Over the prior nine months, we initiated multiple convenings of the Adasina Community to learn how best to invest at the intersection of racial justice and climate change. We lifted up the voices of leaders in progressive movements for racial and climate justice and found a compelling connection between the two – the devastating impact of the extractive agriculture system on the planet, particularly in communities of color across the globe. Therefore, in alignment with movements at the forefront of racial and climate justice, Adasina will divest from the most troubling areas of the extractive agriculture industry.
Thank you to our many social justice partners and the broader Adasina Community, and a special thanks to Gopal Dayaneni from the ETC Group and Lindley Mease from the Clima Fund, for building this understanding and basis for investor action.
Extractive agriculture is strongly linked to climate change:
• Over 50% of carbon emissions are the result of extractive agriculture.
• Synthetic fertilizers are deeply tied to the fossil fuel industry. Extractive agriculture is closely linked to racial injustice:
• The majority of farmers directly impacted by the predatory practices of extractive agricultural companies are people of color in the Global South.
• Most of the labor force in the industrial food system are people of color who work in harvesting, processing, retail, and other low paying jobs.
• Six of the ten worst paying jobs in America are in the industrial food system.
Changes to our Social Justice Portfolios
Interestingly, due to recent mergers, the top four agrochemical companies by market share are also major seed companies. Because these and similar publicly traded companies are key players in the industrial food system, our investment team will focus on divestment and follow the recommendation from our social justice partners to divest from the biggest seed and agrochemical consolidators and the producers of synthetic fertilizers.
Our goal at Adasina is to invest in ways that support the needs of people and the planet; we can no longer reconcile being invested in corporations that are at the heart of the extractive industrial agricultural system. Most of the bad corporate actors have already been screened out of the social justice portfolio due to our rigorous climate change screens and, in 2020, Adasina will divest from seed, agrochemical, and synthetic fertilizer companies.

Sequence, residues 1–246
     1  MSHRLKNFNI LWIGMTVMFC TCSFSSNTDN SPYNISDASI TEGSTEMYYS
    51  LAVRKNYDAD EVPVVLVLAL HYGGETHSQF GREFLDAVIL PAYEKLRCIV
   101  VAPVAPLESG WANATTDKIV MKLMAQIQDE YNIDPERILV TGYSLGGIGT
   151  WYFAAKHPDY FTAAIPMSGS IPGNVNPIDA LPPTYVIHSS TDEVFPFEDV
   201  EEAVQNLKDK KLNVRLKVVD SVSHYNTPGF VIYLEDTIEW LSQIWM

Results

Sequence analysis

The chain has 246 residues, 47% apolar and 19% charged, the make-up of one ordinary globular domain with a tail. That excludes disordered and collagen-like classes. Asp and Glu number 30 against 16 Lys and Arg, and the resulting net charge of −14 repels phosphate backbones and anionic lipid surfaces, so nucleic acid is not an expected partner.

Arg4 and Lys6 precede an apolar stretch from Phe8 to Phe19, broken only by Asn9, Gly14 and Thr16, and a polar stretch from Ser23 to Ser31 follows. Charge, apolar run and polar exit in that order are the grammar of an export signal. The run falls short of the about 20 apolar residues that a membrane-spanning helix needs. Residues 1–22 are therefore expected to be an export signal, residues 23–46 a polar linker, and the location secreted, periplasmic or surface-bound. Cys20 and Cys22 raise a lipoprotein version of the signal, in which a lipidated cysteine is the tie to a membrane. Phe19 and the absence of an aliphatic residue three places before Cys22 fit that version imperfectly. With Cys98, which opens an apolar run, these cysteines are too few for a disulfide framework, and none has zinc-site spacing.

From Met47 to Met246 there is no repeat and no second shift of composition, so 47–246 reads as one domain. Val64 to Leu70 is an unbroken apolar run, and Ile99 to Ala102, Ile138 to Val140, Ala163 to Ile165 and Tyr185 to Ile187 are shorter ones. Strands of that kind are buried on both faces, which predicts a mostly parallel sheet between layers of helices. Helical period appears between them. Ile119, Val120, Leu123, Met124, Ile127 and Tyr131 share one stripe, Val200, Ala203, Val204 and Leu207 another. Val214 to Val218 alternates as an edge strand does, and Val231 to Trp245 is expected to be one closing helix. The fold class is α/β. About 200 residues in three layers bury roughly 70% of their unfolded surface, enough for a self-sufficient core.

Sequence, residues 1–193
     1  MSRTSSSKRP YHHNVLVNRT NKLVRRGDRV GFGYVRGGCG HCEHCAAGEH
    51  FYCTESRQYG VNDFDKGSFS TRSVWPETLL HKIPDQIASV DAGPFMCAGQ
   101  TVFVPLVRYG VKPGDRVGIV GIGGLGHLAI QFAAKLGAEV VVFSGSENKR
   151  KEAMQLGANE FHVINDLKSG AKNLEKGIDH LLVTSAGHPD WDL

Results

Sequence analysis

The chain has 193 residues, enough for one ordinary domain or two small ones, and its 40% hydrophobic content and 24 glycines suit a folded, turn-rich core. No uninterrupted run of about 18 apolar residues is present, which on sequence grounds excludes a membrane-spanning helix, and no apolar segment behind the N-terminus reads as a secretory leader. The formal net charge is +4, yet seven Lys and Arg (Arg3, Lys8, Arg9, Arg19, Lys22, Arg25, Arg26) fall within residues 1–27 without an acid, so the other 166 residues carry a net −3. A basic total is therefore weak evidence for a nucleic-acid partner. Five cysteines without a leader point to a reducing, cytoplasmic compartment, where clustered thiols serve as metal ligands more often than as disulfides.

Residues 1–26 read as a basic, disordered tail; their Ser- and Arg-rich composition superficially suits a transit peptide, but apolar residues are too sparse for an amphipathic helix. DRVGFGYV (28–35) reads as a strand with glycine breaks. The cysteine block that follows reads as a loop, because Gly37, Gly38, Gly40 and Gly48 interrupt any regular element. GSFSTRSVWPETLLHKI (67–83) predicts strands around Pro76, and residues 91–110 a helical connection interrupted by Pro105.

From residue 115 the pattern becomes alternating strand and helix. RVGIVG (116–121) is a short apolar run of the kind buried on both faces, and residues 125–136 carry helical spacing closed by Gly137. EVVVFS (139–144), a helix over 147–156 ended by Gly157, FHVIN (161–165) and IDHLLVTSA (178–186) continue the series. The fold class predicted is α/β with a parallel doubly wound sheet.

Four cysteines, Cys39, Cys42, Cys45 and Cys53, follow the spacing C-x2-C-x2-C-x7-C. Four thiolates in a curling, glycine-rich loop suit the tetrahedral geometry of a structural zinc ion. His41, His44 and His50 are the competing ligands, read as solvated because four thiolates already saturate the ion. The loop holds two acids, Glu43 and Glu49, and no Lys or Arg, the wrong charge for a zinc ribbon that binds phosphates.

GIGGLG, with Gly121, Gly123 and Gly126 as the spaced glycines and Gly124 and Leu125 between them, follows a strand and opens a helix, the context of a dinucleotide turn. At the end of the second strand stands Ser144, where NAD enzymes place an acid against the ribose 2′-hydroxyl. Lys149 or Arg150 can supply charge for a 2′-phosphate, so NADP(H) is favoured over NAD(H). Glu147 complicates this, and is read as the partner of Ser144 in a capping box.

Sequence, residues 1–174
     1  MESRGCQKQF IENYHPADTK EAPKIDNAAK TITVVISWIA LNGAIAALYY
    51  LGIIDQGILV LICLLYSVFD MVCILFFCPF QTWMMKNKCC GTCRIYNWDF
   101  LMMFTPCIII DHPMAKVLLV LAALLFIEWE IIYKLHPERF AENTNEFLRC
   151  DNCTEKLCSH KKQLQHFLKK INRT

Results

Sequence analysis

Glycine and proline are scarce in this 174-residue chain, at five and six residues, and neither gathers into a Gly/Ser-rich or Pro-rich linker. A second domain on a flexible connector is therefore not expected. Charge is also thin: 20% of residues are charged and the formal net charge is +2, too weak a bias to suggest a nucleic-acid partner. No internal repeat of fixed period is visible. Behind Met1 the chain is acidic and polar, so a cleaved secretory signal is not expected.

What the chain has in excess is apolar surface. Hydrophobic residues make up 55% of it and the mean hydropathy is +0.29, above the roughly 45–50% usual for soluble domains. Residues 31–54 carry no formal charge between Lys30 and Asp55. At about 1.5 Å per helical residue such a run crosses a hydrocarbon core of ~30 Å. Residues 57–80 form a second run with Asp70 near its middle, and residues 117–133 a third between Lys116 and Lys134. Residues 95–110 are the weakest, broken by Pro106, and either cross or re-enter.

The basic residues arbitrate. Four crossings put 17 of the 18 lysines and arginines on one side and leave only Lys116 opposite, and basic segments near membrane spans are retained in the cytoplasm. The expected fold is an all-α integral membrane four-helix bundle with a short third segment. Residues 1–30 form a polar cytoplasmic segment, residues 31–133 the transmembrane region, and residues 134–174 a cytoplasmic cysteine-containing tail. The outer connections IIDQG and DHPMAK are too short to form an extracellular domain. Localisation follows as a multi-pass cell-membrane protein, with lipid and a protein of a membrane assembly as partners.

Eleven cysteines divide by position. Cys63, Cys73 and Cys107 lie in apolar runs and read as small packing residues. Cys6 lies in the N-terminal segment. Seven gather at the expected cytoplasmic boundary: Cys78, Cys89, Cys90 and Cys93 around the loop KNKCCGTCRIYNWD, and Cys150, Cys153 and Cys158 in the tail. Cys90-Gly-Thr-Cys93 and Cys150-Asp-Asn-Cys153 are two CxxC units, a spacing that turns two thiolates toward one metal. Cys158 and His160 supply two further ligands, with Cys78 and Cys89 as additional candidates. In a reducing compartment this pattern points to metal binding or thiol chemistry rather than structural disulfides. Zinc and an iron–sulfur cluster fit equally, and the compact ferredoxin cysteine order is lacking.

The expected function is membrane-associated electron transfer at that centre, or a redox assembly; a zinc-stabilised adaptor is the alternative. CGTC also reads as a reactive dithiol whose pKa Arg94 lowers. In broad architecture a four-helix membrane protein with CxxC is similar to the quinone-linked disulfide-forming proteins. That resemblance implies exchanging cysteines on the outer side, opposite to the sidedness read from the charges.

Our research and conversations showed that we may be able to further amplify these efforts by divesting from financial companies that fund or underwrite the seed, agrochemical, and fertilizer companies. With that in mind, we are seeking data sources that will allow us to properly identify and potentially divest from asset management firms, banks, or commodity traders that underwrite or fund those subsectors of industrial agriculture.
Influencing the Investment Industry
Data drives change in our industry, and commercial data providers rely on self-reported corporate sustainability data that can be unreliable. Adasina will share our powerful findings and approach to addressing racial and climate justice with our colleagues in the finance industry and encourage them to join us.
Get Involved and Learn More
• Learn! To learn more about industrial agriculture and its negative impacts on people and the planet, check out these resources:
• Plate Tech-Tonics: Mapping Corporate Power in Big Food by ETC Group
• Growing Power: Mega-Mergers and the Fight for Our Food System by TNI
• Watch our Racial Justice & Climate Change: The Industrial Agriculture Connection webinar.
• Join us! Join the Adasina Community and learn more about social justice investing.
These materials should not be construed as a recommendation, endorsement, or sponsorship by Robasciotti & Philipson, nor are they affiliated with or employed by Robasciotti & Philipson. Please note that Robasciotti &Philipson does not endorse these sites or the products and services contained therein. They are provided for informational purposes only.
1 Source citations for all claims in this section may be found in Plate Tech-Tonics: Mapping Corporate Power in Big Food by ETC Group.